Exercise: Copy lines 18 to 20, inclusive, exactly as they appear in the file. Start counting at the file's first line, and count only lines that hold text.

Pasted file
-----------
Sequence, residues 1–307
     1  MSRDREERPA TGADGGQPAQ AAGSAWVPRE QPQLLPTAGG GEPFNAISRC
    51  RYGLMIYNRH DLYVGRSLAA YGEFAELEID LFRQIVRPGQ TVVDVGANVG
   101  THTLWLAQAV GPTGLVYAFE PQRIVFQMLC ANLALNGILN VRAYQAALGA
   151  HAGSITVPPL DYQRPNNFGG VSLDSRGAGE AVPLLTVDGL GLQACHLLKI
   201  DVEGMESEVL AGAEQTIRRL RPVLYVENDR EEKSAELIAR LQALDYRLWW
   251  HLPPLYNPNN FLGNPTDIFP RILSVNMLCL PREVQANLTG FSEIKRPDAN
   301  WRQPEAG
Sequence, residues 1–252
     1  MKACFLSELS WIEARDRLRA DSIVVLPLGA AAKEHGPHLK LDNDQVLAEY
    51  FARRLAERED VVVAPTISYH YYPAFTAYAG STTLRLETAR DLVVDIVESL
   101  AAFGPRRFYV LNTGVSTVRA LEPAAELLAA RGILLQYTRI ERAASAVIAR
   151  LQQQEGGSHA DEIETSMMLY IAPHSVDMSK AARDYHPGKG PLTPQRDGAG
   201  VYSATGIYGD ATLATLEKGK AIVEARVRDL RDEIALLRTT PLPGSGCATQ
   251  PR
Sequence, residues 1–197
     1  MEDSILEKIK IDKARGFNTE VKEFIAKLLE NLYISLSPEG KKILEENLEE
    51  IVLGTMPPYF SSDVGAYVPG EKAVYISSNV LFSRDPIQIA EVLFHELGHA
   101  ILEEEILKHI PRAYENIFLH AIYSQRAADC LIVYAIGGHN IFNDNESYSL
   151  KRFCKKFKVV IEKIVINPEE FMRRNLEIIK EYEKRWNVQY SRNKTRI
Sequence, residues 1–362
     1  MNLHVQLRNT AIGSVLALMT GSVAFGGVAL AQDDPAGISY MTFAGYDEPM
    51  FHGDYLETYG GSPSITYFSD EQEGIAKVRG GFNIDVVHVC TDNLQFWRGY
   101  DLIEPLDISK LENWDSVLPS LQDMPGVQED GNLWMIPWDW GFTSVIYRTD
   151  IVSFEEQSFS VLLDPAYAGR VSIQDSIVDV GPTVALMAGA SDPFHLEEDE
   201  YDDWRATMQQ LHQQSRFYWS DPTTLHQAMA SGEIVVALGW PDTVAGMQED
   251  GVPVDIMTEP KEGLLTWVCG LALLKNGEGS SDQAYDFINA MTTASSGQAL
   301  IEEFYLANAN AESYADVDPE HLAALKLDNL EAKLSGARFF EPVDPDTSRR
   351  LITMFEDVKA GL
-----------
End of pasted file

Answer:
    51  IVLGTMPPYF SSDVGAYVPG EKAVYISSNV LFSRDPIQIA EVLFHELGHA
   101  ILEEEILKHI PRAYENIFLH AIYSQRAADC LIVYAIGGHN IFNDNESYSL
   151  KRFCKKFKVV IEKIVINPEE FMRRNLEIIK EYEKRWNVQY SRNKTRI